The OpenDaylight Project, an industry consortium supported by the Linux Foundation to foster an "open and transparent approach" to SDN (software-defined networking), has released version 2.0 of its open source SDN software. Dubbed the Helium software project, the 2.0 release brings new insight into the direction of both Helium and OpenDaylight.
Skepticism has surrounded the OpenDaylight consortium from the start: Why would its members, most prominently Cisco, seek to promote open SDN standards that posed a potential threat to proprietary networking? In part, the Helium release seems intended to quell such doubts.
Most striking is the way OpenDaylight integrates with OpenStack, "including significant improvements in the Open vSwitch Database Integration project, and a technology preview of advanced OpenStack features such as Security Groups, Distributed Virtual Router and Load Balancing-as-a-Service," according to the Linux Foundation. The functions are scheduled to land in "Juno," the OpenStack release planned for October of this year.
OpenDaylight has received at least as much scrutiny for the politics of its constituents as for the technology developed under its banner. The motives behind the most notable member of the consortium, Cisco, are widely debated; some speculate Cisco's involvement in the project (possibly IBM's as well) is for the sake of allowing its projects to prosper, among them the proprietary offerings of its spinoff Insieme.
There's open source competition, too, from OpenFlow, a software-defined networking standard that revolves around programming flow tables for switches and routers. Cisco has proposed alternatives for OpenFlow; Juniper, too, has created an open SDN solution, OpenContrail, and been dismissive of how complete or mature OpenDaylight is.
Neela Jacques, executive director of OpenDaylight, emphasized the group is endeavoring to keep its governance process open and even-handed. "The primary way you ensure no one company can oversteer is by building diversity and ensuring the right governance models," he stated in an email.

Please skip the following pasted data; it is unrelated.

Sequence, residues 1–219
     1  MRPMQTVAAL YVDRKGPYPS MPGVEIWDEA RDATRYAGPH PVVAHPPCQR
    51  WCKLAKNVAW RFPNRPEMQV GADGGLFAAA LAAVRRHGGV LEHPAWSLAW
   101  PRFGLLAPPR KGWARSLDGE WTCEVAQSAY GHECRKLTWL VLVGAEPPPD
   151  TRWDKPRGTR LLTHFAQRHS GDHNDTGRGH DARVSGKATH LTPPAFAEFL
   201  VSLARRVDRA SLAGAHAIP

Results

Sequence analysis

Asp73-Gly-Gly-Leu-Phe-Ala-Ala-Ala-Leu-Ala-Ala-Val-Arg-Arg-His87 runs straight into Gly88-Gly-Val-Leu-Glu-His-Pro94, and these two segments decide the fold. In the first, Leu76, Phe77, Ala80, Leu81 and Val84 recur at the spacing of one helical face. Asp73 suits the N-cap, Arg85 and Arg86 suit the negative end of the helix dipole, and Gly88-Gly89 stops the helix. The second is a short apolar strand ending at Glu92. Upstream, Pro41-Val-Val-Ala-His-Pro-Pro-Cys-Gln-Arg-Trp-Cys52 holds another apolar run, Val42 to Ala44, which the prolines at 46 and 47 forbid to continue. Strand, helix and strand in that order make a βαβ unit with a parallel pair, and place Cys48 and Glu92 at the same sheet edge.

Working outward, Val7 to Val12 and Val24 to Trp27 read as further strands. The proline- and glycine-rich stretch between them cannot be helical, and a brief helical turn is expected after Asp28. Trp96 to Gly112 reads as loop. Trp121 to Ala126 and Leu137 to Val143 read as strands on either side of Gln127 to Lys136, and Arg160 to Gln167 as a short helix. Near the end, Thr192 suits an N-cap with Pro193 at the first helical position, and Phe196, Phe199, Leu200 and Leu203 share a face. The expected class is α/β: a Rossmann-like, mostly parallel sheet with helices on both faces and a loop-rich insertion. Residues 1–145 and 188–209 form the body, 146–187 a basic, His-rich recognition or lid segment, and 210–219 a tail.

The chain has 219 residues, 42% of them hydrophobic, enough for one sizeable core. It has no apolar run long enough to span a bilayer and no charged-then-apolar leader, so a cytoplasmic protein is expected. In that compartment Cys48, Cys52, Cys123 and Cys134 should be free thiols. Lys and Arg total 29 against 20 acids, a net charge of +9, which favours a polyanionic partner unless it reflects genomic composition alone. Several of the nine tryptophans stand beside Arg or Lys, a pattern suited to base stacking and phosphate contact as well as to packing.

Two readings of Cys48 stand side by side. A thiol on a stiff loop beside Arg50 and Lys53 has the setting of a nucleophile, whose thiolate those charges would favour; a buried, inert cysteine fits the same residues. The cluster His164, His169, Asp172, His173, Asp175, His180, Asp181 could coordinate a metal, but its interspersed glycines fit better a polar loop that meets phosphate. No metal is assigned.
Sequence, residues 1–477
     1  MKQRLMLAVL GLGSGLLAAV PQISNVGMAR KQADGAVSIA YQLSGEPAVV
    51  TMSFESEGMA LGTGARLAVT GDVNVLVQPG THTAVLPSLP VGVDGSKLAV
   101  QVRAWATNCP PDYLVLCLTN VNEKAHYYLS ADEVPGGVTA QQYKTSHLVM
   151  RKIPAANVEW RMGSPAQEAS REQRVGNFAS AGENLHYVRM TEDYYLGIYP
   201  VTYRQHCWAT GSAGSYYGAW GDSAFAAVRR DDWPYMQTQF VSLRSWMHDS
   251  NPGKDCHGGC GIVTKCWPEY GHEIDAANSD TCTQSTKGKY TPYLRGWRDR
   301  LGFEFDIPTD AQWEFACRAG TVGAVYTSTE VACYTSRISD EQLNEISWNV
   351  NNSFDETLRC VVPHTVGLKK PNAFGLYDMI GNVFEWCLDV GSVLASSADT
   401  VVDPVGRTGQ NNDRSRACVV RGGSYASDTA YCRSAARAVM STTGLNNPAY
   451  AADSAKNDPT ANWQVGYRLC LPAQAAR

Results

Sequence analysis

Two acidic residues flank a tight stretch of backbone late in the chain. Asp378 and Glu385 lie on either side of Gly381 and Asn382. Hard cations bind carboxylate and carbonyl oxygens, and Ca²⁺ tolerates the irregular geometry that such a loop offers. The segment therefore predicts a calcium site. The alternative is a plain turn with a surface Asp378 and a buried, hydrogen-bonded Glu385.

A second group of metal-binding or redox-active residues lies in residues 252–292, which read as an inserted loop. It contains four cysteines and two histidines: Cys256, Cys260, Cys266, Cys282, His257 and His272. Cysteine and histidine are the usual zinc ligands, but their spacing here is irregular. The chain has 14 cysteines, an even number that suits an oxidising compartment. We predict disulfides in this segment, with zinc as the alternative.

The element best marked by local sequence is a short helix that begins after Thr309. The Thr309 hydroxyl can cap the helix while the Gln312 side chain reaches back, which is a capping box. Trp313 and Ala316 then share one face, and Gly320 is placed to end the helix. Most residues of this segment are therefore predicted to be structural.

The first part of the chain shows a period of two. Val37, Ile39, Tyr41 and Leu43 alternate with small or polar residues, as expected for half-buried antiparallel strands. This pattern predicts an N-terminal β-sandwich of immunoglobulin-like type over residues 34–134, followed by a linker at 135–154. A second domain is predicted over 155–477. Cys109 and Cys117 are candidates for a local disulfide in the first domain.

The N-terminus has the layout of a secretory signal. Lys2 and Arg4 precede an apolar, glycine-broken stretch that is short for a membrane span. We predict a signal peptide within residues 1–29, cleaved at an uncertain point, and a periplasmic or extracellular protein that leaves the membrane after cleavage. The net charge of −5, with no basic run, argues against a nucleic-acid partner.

One example: Cisco patterned its group-based policy project for OpenDaylight after its ACI policy model. "We know lots of other developers don't necessarily agree with the group-based policy model," Jacques said. "We could see either or both. The fact that the project keeps adding developers and that companies keep increasing their investment is a testament to the belief that we are running the project in an unbiased fashion. Diversity is a process and all signs show it occurring in our project."
Some former holdouts against OpenDaylight have shifted their positions. HP, for one, decided to throw more of its backing into the project earlier this year and has since upgraded its OpenDaylight membership to the top-notch platinum tier. Jacques claimed at the time that HP's shift was "a tremendous validation of how far [OpenDaylight has] come."
Jacques also confirmed that the OpenStack user community, "especially the telecommunications carriers," offered input for some changes in Helium 2.0. "Many [carriers] are in the planning stages of re-architecting their networks around SDN and NFV and see OpenStack and OpenDaylight as key technologies to leverage," he said. "The definitely want to ensure that the two projects dovetail handing off cleanly to each other."